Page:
With one of the biggest, most impactful elections in United States history just hours away, there is growing concern over voter fraud, rigged election results, and involvement from third parties influencing the results. Sadly, one of these has become reality as the Trickbot malware botnet was caught. Recently, an alliance of major tech companies organized an effort to take down the backend infrastructure of the TrickBot.
Companies fighting the good war against this bot include Microsoft’s Defender team, FS-ISAC, ESET, Lumen’s Black Lotus Labs, NTT, and Broadcom’s cyber-security division Symantec. Even the U.S. government cyber security teams got in on the takedown. Prior to the attempted takedown the companies launched investigations into TrickBot’s backend infrastructure of servers and malware modules.
Over a period of months, the team of tech corporations collected more than 125,000 TrickBot malware samples, analyzed the content, and extracted mapping information about the malware’s inner workings, including all the servers the botnet used to control infected computers. With evident to back their claims, Microsoft went to court asking for legal rights to counterattack and for control over TrickBot servers.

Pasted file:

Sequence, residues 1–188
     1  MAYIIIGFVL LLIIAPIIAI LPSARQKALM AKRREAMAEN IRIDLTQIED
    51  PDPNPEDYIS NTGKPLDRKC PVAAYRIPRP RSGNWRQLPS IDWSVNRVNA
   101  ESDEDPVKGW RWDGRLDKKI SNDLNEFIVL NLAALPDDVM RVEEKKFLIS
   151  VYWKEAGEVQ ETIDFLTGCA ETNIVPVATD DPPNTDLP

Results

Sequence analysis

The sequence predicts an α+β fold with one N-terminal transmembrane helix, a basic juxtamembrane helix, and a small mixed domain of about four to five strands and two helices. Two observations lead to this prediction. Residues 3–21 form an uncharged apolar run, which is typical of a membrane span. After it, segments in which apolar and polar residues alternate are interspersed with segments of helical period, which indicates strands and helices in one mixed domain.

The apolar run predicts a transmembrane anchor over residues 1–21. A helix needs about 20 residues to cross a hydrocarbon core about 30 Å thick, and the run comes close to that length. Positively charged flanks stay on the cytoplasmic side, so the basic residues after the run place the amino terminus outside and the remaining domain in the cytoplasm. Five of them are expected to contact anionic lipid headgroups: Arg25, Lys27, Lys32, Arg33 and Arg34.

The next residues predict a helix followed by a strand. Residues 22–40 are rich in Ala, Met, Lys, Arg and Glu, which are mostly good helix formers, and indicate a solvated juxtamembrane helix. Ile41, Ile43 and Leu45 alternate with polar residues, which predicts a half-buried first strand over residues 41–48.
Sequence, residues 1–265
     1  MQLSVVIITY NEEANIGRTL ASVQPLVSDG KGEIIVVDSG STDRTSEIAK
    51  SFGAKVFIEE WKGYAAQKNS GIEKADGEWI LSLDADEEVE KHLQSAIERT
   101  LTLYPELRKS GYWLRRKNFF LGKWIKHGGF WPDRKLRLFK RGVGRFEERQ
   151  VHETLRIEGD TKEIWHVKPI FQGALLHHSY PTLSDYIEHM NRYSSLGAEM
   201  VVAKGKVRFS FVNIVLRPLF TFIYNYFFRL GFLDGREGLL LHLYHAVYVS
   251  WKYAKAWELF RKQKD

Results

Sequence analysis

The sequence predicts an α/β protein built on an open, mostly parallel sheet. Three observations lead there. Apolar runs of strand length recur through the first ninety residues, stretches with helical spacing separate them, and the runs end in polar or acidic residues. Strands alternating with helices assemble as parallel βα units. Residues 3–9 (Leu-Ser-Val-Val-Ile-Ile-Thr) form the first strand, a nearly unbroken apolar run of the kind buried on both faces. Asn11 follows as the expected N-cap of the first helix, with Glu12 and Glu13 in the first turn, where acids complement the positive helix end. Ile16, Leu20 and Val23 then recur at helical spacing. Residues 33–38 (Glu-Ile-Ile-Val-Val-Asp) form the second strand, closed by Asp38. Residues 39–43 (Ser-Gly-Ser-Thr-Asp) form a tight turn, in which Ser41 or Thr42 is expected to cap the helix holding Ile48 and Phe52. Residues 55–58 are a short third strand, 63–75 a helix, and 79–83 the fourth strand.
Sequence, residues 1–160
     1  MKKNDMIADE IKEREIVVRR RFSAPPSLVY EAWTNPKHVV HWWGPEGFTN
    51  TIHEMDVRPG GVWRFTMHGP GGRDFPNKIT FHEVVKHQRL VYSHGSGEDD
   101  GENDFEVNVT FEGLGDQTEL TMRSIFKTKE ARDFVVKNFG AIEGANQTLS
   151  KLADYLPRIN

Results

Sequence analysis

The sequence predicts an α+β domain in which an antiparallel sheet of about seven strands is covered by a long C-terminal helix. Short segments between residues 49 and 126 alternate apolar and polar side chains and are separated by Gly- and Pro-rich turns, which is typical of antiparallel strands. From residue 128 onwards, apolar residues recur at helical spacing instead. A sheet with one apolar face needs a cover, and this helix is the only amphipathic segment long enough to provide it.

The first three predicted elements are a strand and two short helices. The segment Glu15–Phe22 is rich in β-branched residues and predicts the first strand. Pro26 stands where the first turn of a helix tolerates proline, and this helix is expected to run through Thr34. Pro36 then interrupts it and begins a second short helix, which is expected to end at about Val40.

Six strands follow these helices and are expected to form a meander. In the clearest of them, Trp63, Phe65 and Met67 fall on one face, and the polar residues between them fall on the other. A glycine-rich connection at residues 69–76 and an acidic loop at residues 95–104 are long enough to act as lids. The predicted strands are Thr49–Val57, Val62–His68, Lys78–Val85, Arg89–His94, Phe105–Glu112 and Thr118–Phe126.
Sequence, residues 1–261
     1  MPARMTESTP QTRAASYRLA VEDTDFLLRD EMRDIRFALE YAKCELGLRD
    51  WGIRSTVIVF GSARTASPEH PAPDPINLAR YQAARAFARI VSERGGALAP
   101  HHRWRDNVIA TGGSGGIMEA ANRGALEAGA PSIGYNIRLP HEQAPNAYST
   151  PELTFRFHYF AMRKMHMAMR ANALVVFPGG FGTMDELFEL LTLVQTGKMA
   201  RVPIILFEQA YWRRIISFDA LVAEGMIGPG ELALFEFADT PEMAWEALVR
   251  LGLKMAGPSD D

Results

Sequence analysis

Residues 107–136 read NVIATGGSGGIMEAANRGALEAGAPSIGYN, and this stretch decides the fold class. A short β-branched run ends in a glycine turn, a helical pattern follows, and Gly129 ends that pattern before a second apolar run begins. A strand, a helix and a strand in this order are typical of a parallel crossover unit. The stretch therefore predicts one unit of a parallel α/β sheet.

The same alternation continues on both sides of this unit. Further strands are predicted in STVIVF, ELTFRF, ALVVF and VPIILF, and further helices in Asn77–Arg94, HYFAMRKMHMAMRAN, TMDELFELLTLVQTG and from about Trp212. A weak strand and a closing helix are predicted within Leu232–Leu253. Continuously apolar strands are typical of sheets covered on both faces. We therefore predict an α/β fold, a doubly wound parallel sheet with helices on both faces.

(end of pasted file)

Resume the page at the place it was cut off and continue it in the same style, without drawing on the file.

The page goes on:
However, even with some of the most advanced tech giants in the world firing a counterattack against the malware bot, it still hasn’t gone away. The TrickBot botnet has survived a takedown attempt. TrickBot command and control servers and domains have been taken and substituted with a new infrastructure. The Trickbot takedown has been described as temporary and limited but gives its current victims time to breathe until a more permanent solution can be implemented.